GOP lawmakers in Georgia are facing a tough question when they reconvene Monday: Should the state continue to do what nearly every other state in the US does — tax its hospitals? Georgia collects what’s known as a hospital provider fee, also known as a “bed tax,” that’s set to expire halfway through 2017.

Pharma, Biotech and Devices

Mylan’s EpiPen Sales Plan: Schools Today, Everywhere Tomorrow
Jared S. Hopkins and Robert Langreth, Bloomberg News

Mylan NV made a fortune, and stirred controversy, while getting EpiPen allergy shots stocked in schools across America. Now the drugmaker wants to sell EpiPens to restaurants, sports venues and potentially even Boy Scout troops — by setting up its own pharmacy to cut out middlemen and lobbying for new laws that could expand sales of its biggest product.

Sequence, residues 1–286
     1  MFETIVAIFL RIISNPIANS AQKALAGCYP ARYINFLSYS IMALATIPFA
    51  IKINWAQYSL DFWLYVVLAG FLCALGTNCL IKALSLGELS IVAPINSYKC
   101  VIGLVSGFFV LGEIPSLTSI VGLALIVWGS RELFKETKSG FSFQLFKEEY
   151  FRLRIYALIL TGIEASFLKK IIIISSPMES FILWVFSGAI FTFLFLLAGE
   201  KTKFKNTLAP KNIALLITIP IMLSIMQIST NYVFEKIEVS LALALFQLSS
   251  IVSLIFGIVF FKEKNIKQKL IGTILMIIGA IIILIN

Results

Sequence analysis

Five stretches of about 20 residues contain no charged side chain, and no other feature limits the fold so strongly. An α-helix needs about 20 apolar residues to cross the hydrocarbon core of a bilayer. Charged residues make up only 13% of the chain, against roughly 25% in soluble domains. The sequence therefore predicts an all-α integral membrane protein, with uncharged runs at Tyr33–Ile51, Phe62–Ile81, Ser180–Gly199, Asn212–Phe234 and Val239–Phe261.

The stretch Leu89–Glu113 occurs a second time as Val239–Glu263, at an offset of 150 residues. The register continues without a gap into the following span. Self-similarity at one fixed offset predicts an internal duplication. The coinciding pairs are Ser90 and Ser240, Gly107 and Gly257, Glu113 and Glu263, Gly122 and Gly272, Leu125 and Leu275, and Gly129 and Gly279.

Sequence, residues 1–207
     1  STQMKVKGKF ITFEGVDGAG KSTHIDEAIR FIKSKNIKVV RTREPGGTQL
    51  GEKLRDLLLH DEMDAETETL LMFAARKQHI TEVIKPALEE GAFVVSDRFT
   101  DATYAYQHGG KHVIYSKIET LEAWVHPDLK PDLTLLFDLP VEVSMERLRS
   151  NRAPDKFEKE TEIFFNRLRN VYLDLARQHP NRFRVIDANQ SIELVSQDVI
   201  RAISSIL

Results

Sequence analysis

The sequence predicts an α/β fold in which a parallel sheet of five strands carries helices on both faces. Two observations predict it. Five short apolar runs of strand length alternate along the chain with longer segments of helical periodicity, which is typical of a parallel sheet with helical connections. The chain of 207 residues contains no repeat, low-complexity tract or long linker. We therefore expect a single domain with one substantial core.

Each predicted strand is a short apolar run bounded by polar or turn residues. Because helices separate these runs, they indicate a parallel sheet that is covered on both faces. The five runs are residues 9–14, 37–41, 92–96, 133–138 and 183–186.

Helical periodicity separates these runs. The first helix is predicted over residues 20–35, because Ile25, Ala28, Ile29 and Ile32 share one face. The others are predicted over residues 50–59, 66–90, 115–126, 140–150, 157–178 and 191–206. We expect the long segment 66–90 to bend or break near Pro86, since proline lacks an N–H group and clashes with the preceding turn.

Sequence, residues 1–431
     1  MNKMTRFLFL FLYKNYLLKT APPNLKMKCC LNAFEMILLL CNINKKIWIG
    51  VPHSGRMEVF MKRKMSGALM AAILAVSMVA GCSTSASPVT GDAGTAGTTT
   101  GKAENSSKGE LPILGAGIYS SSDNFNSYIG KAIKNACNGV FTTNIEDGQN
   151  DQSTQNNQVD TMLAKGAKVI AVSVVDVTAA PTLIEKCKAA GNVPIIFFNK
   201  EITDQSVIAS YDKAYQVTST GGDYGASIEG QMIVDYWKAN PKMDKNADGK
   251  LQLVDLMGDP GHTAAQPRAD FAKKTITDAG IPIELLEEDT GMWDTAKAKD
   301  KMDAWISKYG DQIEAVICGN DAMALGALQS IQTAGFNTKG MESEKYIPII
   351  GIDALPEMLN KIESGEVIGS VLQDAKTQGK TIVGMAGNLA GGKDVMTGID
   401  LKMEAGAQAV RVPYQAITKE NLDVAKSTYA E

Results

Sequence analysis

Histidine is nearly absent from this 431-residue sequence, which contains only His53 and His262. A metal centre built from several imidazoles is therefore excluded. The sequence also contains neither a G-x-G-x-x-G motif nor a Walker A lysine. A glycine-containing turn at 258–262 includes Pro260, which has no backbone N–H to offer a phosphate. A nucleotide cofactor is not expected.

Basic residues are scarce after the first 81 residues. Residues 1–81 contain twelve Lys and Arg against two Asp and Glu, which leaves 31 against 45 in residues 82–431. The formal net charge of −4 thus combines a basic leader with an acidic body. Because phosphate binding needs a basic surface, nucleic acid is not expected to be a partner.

U.S. judge blocks Sanofi, Regeneron from selling cholesterol drug
Brendan Pierson, Reuters

A federal judge on Thursday blocked Sanofi SA and Regeneron Pharmaceuticals Inc from selling their cholesterol drug Praluent, a victory for Amgen Inc, which had accused them of infringing its patents. U.S. District Judge Sue Robinson in Delaware ordered that the ban not take effect for 30 days to give Sanofi and Regeneron time to appeal.

J&J, Actelion approach Swiss takeover board over deal structure: paper
Joshua Franklin, Reuters

Johnson & Johnson and Actelion have asked Switzerland’s takeover board about the viability of a complicated takeover deal the U.S. healthcare company is discussing with the Swiss biotech firm, newspaper Tages-Anzeiger reported on Friday, without saying how it got the information. The two companies asked about the proposal under which Johnson & Johnson would acquire Actelion while separating its commercialized portfolio from its research and development assets, a deal structure first reported by Reuters last week.